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You can't buy a piece of bubblegum with 2 cents.

Yeah but unless you are at a gas station or a store with a penny jar, you cant buy lots of things without the last two cents to pay for it. The last two cents might mean they wont sell it to you. That is a sign that the clerk will have to make up the difference. B)

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Guest Vern Edwards

I'm a negotiator. If I was short only 2 cents, I would get my bubblegum and bargain for a second piece.

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I'm a negotiator. If I was short only 2 cents, I would get my bubblegum and bargain for a second piece.

Vern, the problem is that most clerks don't have any authority to negotiate with you or me.

In one of my Business Law courses, we learned that posted prices are negotiable, not set. However the employee must have authority to bargain, which they don't and most clerks cant override the price scanner to change the price. They must make up any difference between the till and the cash register tape. Smart ones will put out a "penny dish" to collect odd cents to help out those who are "2 cents short". B)

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Interesting read!

In regard to "vendor", , , , some years ago I started work at a new company. My previous experience said that suppliers were "vendors". I was quickly corrected by my new boss; "Vendors are those who sell hot dogs on street corners. We deal with sellers."

And in regard to offer versus quote, , , , I still go around in circles with folks at my current job. There are those who will only issue RFPs as a matter of self importance, even though the requirement is for a standard drawing item with no mysteries involved, and all they are looking for is a "quote" anyway. At my previous job with a Very Large Contractor we dealt with sellers who had been "onboard" for decades and they knew how to work the system better than most employees! Well, , , , one of the new guys who came from another division issued a RFP for some standard parts and subsequently made an award to the lowest evaluated bidder without any further contact or discussions with the "losers". And well, , , , every one of the "losers" (all small businesses) wanted an "official" debrief as to why they did not get the job, which caused a really big stir in otherwise calm waters. All of the procurement group was called into an immediate, mandatory, meeting and were instructed in rather strong language that no one in the building was to ever issue a "RFP" again.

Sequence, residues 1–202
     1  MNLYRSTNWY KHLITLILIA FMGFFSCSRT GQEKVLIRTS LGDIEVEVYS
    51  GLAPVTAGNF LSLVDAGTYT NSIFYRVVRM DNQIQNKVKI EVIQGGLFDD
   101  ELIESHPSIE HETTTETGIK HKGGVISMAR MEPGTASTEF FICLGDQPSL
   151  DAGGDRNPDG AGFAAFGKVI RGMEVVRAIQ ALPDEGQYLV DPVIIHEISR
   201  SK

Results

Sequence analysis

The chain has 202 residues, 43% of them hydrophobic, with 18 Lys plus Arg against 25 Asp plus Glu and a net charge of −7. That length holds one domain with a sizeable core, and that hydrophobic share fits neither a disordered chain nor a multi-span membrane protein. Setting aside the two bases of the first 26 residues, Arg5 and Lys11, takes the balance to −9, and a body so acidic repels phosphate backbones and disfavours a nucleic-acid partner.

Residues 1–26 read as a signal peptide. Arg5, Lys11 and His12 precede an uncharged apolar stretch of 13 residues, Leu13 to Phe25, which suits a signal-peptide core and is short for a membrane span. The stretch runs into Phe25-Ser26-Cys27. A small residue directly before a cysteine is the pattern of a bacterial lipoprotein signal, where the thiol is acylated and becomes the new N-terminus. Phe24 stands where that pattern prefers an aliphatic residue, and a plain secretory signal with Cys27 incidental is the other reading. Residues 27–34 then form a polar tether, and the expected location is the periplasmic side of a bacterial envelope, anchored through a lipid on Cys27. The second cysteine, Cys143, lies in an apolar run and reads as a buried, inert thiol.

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Guest Vern Edwards
Vern, the problem is that most clerks don't have any authority to negotiate with you or me.

In one of my Business Law courses, we learned that posted prices are negotiable, not set. However the employee must have authority to bargain, which they don't and most clerks cant override the price scanner to change the price. They must make up any difference between the till and the cash register tape. Smart ones will put out a "penny dish" to collect odd cents to help out those who are "2 cents short". :)

Listen to you! "Most" clerks don't have authority. How do you know that? How many of the world's clerks have you spoken to? In any case, that's why the words, "Where's your boss?" were first spoken.

I'm a negotiator. I've negotiated a discount for a toilet commode at a hardware store. I've negotiated a discount on a suit at Brooks Brothers. You're talking to a disciple of Chester Karras: ?In business, you don't get what you deserve, you get what you negotiate.?

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In regard to "vendor", , , , some years ago I started work at a new company. My previous experience said that suppliers were "vendors". I was quickly corrected by my new boss; "Vendors are those who sell hot dogs on street corners. We deal with sellers."

I've heard this before and find it baffling. Merriam-Webster, for example, defines a vendor as a "seller." 72A reporting, electronic mod submission, etc., is handled through GSA's vsc.gsa.gov, the Vendor Support Center.

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